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Xerox PARC develops Mission Impossible-style self-destructing computer chips

By midian182
Sep 14, 2015
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  1. Engineers at R&D company Xerox PARC have developed a computer chip that can explode on demand as part of DARPA’s Vanishing Programmable Resources project. The chips are designed to shatter into tiny pieces, ensuring that no one is able to reconstruct them and read their contents.

    To create these Mission Impossible-style chips, the company used Corning’s Gorilla Glass – the kind found in many smartphones – and modified it to become tempered glass under extreme stress. The next step was to insert a small resistor at the bottom of the chip which, when heated with a laser, will obliterate the entire chip due to the invisible stress on the surface. The smaller bits continue shattering after the initial explosion due to the stress which remains in these fragments, leaving nothing but a pile of dust behind.

    “We take the glass and we ion-exchange temper it to build in stress. What you get is glass that, because it’s heavily stressed, breaks it fragments into tiny little pieces […] The applications we are interested in are data security and things like that. We really wanted to come up with a system that was very rapid and compatible with commercial electronics,” said Gregory Whiting, a senior scientist at PARC.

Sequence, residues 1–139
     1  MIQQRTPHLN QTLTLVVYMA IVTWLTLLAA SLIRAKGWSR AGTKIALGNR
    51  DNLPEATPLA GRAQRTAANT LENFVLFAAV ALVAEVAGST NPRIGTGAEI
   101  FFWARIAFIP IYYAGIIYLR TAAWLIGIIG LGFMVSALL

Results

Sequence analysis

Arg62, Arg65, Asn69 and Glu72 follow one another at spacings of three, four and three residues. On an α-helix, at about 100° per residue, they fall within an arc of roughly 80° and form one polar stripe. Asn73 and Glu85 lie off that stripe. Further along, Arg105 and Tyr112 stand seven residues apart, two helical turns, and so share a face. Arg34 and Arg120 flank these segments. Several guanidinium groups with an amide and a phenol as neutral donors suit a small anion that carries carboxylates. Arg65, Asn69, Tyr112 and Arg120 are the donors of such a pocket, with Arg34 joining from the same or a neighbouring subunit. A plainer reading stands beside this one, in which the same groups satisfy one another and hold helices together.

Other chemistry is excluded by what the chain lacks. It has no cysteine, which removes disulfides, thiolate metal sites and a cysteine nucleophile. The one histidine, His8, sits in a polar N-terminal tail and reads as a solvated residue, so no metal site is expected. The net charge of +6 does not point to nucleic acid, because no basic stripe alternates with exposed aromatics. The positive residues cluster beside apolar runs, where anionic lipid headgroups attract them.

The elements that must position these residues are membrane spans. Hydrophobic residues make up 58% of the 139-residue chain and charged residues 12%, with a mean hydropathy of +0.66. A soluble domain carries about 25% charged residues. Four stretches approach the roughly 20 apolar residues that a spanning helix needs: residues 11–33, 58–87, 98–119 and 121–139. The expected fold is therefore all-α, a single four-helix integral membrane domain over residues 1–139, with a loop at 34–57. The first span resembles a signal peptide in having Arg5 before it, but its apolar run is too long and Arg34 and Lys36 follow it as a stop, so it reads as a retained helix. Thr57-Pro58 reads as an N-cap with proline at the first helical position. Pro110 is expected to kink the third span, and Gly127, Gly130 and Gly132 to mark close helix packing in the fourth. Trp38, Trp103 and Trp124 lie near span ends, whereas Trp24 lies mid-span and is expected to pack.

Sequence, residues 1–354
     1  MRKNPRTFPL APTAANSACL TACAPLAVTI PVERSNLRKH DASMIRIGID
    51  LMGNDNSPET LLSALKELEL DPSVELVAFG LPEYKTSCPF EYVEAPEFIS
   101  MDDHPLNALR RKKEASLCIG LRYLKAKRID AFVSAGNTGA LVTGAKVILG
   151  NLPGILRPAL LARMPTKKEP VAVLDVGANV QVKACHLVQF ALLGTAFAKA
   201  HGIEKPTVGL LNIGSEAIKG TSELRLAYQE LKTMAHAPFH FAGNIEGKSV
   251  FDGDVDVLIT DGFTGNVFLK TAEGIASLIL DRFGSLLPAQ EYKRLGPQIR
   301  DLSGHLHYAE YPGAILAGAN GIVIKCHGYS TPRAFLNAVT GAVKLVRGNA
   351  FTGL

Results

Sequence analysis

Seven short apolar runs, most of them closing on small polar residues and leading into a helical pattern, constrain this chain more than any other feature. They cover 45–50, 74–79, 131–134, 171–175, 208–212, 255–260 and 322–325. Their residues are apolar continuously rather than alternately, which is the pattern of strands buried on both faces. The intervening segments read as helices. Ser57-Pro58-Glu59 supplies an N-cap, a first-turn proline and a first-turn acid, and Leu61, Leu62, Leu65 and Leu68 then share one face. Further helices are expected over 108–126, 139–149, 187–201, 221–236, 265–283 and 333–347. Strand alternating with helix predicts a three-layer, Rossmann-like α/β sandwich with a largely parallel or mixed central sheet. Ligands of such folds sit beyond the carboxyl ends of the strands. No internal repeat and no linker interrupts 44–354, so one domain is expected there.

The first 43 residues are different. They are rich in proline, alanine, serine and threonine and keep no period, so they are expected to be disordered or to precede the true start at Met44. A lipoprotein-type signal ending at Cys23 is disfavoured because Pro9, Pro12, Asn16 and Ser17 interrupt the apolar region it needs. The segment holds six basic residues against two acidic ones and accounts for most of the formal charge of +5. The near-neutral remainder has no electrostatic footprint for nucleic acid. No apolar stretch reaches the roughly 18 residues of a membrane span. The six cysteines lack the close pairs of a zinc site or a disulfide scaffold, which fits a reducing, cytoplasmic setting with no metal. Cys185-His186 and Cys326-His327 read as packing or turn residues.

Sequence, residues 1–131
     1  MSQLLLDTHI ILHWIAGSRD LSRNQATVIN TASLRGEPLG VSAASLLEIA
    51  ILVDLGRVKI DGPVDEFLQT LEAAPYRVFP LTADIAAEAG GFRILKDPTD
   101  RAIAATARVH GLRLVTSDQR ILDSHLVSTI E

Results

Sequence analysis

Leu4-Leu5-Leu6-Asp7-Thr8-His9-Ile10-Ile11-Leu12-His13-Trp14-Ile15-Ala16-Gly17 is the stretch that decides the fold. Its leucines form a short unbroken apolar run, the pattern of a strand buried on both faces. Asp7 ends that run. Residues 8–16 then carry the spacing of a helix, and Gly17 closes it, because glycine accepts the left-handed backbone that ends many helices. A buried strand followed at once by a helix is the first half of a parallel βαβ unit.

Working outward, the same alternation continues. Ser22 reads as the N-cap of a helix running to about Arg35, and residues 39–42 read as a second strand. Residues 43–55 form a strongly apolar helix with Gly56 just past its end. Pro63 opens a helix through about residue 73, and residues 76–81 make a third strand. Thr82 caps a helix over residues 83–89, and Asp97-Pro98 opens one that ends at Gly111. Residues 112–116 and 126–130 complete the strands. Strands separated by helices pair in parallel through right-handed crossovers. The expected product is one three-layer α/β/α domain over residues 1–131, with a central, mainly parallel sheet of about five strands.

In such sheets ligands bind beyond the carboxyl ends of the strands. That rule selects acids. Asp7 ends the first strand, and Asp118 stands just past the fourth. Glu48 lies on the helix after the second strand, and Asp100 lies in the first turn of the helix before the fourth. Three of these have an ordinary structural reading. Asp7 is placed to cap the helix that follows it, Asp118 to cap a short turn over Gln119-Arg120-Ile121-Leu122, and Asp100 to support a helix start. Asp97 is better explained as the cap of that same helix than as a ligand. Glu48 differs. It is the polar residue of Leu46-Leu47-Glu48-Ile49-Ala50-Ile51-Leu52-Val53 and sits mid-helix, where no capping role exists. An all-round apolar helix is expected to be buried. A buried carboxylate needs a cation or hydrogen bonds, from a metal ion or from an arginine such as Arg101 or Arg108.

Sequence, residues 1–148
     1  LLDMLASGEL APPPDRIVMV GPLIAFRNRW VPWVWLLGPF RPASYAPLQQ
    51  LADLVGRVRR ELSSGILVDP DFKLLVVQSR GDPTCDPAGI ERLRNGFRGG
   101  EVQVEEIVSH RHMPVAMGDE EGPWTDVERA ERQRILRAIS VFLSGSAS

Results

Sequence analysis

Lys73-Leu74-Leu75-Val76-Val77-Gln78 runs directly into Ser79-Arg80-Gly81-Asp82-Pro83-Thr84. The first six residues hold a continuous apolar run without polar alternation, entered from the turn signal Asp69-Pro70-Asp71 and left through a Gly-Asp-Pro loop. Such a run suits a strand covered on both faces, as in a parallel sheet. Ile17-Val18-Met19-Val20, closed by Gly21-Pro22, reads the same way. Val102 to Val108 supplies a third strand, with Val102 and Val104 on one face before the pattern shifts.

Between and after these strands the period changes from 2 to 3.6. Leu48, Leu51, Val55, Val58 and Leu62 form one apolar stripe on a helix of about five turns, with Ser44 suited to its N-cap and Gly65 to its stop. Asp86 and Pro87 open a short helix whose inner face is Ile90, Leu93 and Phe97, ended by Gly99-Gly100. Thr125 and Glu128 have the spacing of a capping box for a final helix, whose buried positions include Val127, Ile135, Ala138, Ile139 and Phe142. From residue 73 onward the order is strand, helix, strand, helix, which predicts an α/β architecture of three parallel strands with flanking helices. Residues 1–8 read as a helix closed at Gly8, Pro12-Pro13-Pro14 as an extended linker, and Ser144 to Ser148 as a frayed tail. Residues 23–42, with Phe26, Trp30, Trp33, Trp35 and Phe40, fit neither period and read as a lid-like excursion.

In the video below, the self-destruct circuit is triggered using a laser but it could be designed to explode using anything from radio signals to a physical switch.

    The chip is expected to be used in industries that require the highest levels of security, such as the military. It may eventually find some commercial applications, especially for those people who want the ultimate wipe for their data.

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  2. Skidmarksdeluxe

    Skidmarksdeluxe TS Evangelist Posts: 6,509   +2,056

    I could see this becoming a big deal in the commercial world in the near future.
     
  3. stewi0001

    stewi0001 TS Evangelist Posts: 1,185   +528

    The issue I can see, is it self destructing when you don't want it to. Meaning if you bump into it or drop the device. But I could be wrong, I haven't handled it myself.
     
  4. VitalyT

    VitalyT Russ-Puss Posts: 3,155   +1,431

    What is the point in self-destructing chips? The only thing that may need self-destruction is information, and that doesn't require anything explosive at all.

    Suppose for a moment that somebody creates a chip that carries a valuable design. I still can't fathom why somebody would need it to self-destruct. Seems like unnecessary overkill and a huge limitation to the manufacturing technology.
     

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